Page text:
Joe Staley may have been a mere three points from taking the Super Bowl Championship title, but the San Francisco 49er’s left tackle is far from his body weight before his days as a professional, offensive line football player. Staley, who is 6’5”, currently weighs in at 315 pounds, an alarming 95 pounds heavier than his slender freshman college frame from only a decade ago. A recent article in the New York Times, written by journalist Sam Border, reported that Staley began his football career as tight end for Central Michigan University. After a year in this position, the coaches asked him to “put on a little weight” in order to move him to the offensive line. By a “little weight,” the coaches meant roughly 80 pounds. To achieve this weight, Staley recalls having to eat until he was uncomfortably full, work out twice a day, and even wake up to eat in the middle of the night to boost his caloric intake. He describes this process as “miserable…feeling constantly bloated.” Because of his extra weight, Staley complains of pain in his back, joints, and bones. He even wishes for the day that he will be able to return to his former, normal-weight self.
Staley’s story brings up the question: how far is too far when it comes to manipulating our bodies for the love of a sport? Body critiquing is almost expected (or perhaps, too common) in other sports and activities that uphold strict body type standards associated with success. These sports include dance, horse racing, ski jumping, wrestling, and figure skating, to name a few. Just when we think that the football field is a safe place from disordered eating behaviors and pressure from coaches to conform to a specific body type and to maintain a certain weight, we are reminded that this is not necessarily the case. Athletes such as Staley may be put on a “binge eating” diet plan to bulk up, resulting in serious physical, emotional, and psychological consequences. Staley’s ordeal started in college, but what are the long term consequences when kids in high school or even middle school are encouraged to beef up to play? Coaches may instill their beliefs that a narrow weight range is most ideal for optimal performance. Rather than focusing on body weight and shape, the National Eating Disorders Association emphasizes that coaches should practice a positive coaching style through encouragement and motivation. In elite and professional athletics, this is easier said than done. When millions of dollars are at stake it is hard to adhere to the adage, “it’s just a game.” In much the same way that sports organizations from middle school to the big leagues are starting to take head trauma seriously, the same needs to occur for radical weight manipulation. Both can and do have serious long-term health consequences and place players at serious risk of long term disability.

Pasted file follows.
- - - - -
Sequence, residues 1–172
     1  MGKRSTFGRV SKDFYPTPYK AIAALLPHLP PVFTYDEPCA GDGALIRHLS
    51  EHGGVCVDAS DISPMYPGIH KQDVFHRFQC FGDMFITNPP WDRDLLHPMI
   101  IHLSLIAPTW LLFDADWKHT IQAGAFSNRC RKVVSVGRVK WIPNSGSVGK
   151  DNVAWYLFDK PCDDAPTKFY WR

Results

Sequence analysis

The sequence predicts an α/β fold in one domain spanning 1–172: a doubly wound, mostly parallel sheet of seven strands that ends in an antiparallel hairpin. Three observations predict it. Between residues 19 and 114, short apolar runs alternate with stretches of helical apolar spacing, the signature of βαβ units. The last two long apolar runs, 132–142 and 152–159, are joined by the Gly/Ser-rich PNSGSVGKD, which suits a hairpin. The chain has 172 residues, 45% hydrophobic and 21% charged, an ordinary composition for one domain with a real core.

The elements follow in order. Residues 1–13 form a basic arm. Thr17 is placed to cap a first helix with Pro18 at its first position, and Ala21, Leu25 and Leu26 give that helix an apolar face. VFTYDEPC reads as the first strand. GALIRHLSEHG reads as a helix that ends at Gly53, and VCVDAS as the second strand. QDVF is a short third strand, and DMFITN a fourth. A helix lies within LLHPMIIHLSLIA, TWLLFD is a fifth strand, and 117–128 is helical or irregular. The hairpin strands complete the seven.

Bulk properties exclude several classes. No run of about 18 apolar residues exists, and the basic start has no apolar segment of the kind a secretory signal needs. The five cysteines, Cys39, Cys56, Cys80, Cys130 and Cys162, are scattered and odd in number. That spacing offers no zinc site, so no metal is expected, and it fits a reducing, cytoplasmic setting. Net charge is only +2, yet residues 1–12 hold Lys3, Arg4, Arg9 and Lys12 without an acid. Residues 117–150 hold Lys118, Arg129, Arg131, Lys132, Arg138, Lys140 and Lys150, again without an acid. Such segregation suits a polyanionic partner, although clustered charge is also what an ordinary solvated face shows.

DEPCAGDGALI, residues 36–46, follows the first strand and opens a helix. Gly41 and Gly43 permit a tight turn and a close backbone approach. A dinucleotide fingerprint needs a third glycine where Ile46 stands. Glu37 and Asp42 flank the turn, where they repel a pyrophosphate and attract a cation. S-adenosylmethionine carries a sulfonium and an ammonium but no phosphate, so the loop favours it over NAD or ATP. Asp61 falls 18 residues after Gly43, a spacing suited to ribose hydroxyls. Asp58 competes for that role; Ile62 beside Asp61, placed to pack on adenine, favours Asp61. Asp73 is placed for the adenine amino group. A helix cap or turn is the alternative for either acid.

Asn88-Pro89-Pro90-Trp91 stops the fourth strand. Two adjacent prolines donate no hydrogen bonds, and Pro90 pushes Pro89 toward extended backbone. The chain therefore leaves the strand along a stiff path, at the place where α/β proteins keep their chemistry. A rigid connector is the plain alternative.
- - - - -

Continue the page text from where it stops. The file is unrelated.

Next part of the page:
By: Morgan Walker and Dr. Cynthia Bulik